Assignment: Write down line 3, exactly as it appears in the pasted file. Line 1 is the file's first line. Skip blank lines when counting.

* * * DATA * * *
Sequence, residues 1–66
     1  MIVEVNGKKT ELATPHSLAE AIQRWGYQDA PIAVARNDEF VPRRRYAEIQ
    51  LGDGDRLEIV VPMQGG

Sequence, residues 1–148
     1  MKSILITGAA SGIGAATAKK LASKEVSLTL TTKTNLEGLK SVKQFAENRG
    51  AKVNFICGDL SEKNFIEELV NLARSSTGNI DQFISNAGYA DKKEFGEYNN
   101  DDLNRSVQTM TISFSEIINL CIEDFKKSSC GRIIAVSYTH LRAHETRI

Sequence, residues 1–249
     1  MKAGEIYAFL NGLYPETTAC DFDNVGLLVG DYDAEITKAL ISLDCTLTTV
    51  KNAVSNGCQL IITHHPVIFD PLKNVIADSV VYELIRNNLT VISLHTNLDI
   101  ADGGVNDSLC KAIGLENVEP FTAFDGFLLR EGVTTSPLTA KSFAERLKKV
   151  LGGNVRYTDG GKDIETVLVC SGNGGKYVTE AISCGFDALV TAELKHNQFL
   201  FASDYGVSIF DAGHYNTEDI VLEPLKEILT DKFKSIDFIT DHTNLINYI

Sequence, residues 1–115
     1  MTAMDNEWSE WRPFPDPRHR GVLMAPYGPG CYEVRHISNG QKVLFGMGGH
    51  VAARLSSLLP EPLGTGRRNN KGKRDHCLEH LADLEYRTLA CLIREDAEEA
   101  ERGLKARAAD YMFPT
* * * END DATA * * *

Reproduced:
    51  LGDGDRLEIV VPMQGG